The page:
ON LIBRARIES: Making Leadership a Habit

When you want to change a behavior or achieve something, one of the best ways to ensure success is to turn it into a habit.  Whether it’s daily exercise, going to bed earlier, or making sure you have a monthly date with your significant other, when a positive action becomes a habit, success is the result. Leadership can become a habit if you tune into the behaviors which are a part of it.  To give you momentum – and early success – start by choosing the ones most comfortable to you.

To get you started, Lolly Daskal presents twelve “C’s” in a post, saying It’s Never Too Late to Learn These 12 Powerful Leadership Habits:

  1. Care – As the saying goes, “No one cares how much you know until they know how much you care.” Good leadership is built on relationships.  It’s through caring about others you grow as a leader.  I used to tell my staff (unbelievably in today’s world I had a co-librarian, a secretary and two clerks in a 12,000-student high school), “Don’t leave your problems at home.  Let us know and help you.”  This way, I never expected too much from someone who was struggling.
  2. Conviction – Your philosophy about what school librarianship must be, along with your Mission Statement, form your convictions. When they are strong, they are part of who you are.  The passion is communicated to others who are then more inclined to follow where you lead.
  3. Clarity – You need to be able to succinctly set a direction. Too much verbiage or including too many alternatives clouds the issue. Where do you want to go?  A leader knows and can express it easily and whenever asked.
  4. Confidence – This goes hand in hand with clarity. People don’t feel confident following leaders who continually waver and change direction.  This doesn’t mean you have to know everything or have all the answers all the time. You do need to have confidence in your skills, your mission and your ability to get things done eventually if not always immediately.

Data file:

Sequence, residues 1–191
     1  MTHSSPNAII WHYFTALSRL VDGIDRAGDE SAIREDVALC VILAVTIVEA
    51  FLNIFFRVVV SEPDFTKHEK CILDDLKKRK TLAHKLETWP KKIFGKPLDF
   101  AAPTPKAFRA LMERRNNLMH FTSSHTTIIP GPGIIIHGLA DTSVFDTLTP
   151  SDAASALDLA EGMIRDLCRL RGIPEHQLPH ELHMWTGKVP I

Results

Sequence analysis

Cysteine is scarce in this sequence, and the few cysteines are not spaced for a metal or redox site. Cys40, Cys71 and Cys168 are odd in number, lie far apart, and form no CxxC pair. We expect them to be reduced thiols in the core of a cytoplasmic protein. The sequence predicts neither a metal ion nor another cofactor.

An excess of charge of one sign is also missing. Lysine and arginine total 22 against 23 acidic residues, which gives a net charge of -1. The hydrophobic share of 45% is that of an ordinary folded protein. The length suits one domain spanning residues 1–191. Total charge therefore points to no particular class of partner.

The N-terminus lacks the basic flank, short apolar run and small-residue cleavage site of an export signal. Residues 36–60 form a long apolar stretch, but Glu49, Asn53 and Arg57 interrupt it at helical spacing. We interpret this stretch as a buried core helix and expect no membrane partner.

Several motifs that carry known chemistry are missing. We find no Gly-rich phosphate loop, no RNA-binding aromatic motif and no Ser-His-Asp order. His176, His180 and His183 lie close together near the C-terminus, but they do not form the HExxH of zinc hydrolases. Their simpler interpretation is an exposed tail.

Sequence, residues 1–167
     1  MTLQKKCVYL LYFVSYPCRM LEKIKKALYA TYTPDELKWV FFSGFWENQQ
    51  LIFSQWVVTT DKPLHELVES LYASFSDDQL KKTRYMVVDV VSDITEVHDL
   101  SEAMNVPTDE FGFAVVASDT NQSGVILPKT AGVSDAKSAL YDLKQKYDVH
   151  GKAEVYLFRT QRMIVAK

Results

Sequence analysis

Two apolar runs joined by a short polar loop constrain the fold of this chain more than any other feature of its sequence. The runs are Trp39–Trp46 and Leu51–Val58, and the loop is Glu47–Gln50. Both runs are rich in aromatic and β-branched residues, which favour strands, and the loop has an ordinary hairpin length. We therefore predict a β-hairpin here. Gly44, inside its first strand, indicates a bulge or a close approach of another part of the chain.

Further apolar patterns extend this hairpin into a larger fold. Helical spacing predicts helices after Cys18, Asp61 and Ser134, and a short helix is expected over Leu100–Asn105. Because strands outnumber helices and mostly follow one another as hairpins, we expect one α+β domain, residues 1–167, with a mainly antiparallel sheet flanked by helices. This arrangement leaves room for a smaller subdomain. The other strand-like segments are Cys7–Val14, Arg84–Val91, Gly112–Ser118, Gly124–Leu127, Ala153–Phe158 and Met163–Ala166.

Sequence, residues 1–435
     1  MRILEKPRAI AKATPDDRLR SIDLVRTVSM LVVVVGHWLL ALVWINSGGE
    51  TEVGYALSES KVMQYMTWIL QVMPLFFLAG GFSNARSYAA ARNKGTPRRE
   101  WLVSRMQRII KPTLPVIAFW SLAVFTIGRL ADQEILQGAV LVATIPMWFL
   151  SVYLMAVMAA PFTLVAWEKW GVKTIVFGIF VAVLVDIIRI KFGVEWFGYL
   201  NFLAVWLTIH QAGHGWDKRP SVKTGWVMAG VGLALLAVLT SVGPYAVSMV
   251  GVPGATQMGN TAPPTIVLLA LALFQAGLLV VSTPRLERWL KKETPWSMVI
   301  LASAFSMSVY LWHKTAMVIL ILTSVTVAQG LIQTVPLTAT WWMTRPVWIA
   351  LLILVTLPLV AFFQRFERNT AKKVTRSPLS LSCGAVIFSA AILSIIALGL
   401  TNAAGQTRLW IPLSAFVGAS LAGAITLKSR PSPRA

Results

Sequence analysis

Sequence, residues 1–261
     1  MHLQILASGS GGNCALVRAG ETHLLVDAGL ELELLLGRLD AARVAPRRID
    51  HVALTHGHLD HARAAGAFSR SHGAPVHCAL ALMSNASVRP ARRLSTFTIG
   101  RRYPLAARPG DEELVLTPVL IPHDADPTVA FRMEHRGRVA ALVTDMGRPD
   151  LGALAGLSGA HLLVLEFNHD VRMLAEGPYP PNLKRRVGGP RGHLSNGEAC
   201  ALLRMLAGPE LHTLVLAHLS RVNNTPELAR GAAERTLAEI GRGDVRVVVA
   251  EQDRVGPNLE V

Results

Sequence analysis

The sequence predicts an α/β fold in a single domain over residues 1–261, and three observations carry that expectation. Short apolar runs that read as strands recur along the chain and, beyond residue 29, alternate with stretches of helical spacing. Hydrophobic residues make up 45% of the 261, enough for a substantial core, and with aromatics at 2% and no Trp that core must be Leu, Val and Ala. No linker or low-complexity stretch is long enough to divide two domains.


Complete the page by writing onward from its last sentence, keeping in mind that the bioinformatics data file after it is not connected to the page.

5. Courage – For me, this is all about being confident enough to take risks. You need to be willing to leave your comfort zone. You will not do this every day, but you have to be ready to take the chance when the idea or opportunity surfaces. It goes well with confidence and clarity. It also includes taking responsibility for any mistakes. This can be a huge challenge and feel risky and uncomfortable, but when people see you doing it, it goes a long way toward them trusting you in the future.
  6. Commitment – Your stakeholders need to know you will follow through on what you propose. In a district (not the one with a staff of 5) that voted down 20 budgets in 22 years, I regularly got funds for projects because the superintendent knew I would produce results. The more you can show this, the more often you will get the “yes” you are looking for.
  7. Celebration – Recognize and celebrate the achievement of others. No project gets done alone. Praise and gratitude go to those who participate.  Everyone likes to be recognized. It’s the first step to them saying yes again.
  8. Collaboration – I know you are trying hard to do this and there are times when it feels as though the door is continually slammed in your face. Remember, collaboration is also about being open and willing to get ideas from others. Teachers, students, administrators, IT people, and others bring a different perspective. Keep an open mind and listen attentively. (And then celebrate the collaboration after!)
  9. Communication – Getting the word out to the right people at the right time with the right message and using the right platform is a critical leadership skill in today’s world. Who needs to know? How can you best reach them?